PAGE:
Is being organised really all it's cracked up to be?
I recently saw something somewhere on the t’interweb that really made me stop and think. I can’t remember where I saw it, or exactly what it said (great story, Louise), but basically someone was questioning the merits of being organised.
Everyone talks about being organised as though it’s some great virtue. But is that really the case?
As someone who’s naturally organised, I’ve never really given it much thought. But since seeing that slightly confronting comment online I’ve been mulling over the benefits of being organised and whether it is, in fact, something we should all be striving for.
Here’s what I think.
Being organised can reduce your stress levels. For instance, if you have a designated spot next to the front door for your keys (we have a lovely ceramic pot for ours), you’ll never find yourself running around the house screaming ‘have you seen my keys?’, making yourself late for that Very Important Meeting. If your calendar (note the singular ‘calendar’ – having multiple calendars is just asking for trouble!) is kept up-to-date, you won’t double-book yourself. If the files on your computer are organised logically, you’ll always be able to find what you’re looking for. If you have a single to-do list rather than lots of post-its and scraps of paper dotted around the place, you’ll find it easier to see what needs doing. If your inbox is under control you won’t be uneasy about what important emails you haven’t replied to.
I could go on. But hopefully you can see from those examples how being more organised could reduce your stress levels.
If that’s the case, is it too much of a stretch to say that it’s good for your health? I have no science at my fingertips to back this up, but to me that feels reasonable. When we’re stressed we’re vulnerable to other health issues, our sleep is affected and our relationships can suffer. Does this all sound a little over-dramatic? Perhaps. But I do know that when I was suffering from stress and anxiety, getting organised and tightening up on all the things I’d let slip made the world of difference to both my mental and physical wellbeing.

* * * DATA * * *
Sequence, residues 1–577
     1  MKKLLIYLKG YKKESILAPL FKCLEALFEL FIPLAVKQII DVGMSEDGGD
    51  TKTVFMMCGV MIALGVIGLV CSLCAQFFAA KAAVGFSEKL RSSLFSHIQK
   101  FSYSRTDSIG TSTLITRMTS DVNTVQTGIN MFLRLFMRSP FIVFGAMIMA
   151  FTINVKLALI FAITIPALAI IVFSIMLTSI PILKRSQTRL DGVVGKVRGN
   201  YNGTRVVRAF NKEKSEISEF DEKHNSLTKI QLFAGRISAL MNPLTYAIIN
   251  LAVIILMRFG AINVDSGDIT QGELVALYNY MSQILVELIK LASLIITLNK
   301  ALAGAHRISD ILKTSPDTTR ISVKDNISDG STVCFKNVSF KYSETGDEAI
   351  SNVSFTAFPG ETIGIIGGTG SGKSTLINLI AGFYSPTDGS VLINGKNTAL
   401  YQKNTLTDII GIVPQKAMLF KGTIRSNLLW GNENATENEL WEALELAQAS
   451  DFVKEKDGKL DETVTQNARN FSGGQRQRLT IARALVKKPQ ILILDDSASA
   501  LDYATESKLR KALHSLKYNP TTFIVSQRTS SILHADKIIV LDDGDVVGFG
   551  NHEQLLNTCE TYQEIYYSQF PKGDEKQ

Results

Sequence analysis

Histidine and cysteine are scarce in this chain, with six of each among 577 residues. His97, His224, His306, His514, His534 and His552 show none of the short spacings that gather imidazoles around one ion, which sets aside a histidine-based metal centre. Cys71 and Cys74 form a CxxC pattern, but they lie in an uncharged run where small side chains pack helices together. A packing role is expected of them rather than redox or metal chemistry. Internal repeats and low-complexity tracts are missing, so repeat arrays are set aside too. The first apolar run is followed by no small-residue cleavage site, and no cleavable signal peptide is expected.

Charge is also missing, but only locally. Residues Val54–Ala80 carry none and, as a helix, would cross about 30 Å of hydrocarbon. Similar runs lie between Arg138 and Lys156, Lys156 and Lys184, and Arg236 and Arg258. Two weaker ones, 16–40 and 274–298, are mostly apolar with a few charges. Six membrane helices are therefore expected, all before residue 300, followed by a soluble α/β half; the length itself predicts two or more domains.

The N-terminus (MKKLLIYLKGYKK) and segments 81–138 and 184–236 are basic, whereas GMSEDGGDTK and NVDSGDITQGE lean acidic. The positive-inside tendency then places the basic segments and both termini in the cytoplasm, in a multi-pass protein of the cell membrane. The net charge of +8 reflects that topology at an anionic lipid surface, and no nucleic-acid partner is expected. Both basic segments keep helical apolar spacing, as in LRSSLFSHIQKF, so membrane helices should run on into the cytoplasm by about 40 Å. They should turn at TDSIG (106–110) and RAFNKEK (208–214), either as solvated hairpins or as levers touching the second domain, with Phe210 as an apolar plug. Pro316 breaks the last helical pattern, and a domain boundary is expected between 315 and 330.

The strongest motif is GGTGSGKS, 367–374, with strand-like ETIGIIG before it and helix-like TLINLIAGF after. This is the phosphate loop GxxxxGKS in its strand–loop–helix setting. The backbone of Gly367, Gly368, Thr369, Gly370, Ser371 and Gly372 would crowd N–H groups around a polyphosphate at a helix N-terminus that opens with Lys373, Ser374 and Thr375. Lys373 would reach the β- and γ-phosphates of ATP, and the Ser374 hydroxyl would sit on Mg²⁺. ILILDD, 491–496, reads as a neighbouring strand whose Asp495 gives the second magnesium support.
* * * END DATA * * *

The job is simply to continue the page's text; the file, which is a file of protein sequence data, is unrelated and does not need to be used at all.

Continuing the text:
Being organised also gives you the gift of time. No more time wasted looking for stuff or trying to remember what on earth you’re meant to be doing. You can use that time for something a little more worthwhile than desperately hunting for a bill that needs paying, scouring your computer for the report you wrote last week or procrastinating over confused priorities.
And being organised also means we’re better able to deal with the unexpected. It creates the white space we need to keep us afloat when life throws something at us. If we have clarity around everything we’re juggling we’ll be able to reprioritise and recalibrate more easily when things don’t go according to plan.
So, what about those who don’t see the point in being organised?
People who prefer to be flexible, who hate routine and enjoy spontaneity? I’d argue that there’s still scope for being organised whilst enjoying a less structured and more laissez-faire way of life! Being organised doesn’t mean you have to know exactly what you’re doing with every minute of your day. But if you can see clearly what needs to be done, you have the freedom to make conscious choices in the moment. No more firefighting and being reactive when things start screaming for your attention.
But of course, we’re all different.
You need to find a level of organisation that works for you. You could plan each day to the hour if that calms and reassures you. (Be sure to leave some white space so that you have a bit of wiggle room, and remember that you can’t control everything.) Or you could simply have an idea of what you need to get done over the course of a week and then allow things to unfold naturally, depending on your natural energy levels and mood. (Be sure to keep an eye on how you’re doing, so you don’t get to the end of the week having forgotten to do the most important thing!)
Whatever your preference, though, can I suggest having a dedicated place to put your keys? Surely no one could object to the value of that!
Over to you
So, what do you think? Are you naturally organised or is it a constant battle for you? I’d especially love to hear from you if you’re in the ‘being organised isn’t all it’s cracked up to be’ camp. Leave a comment below and help me understand!
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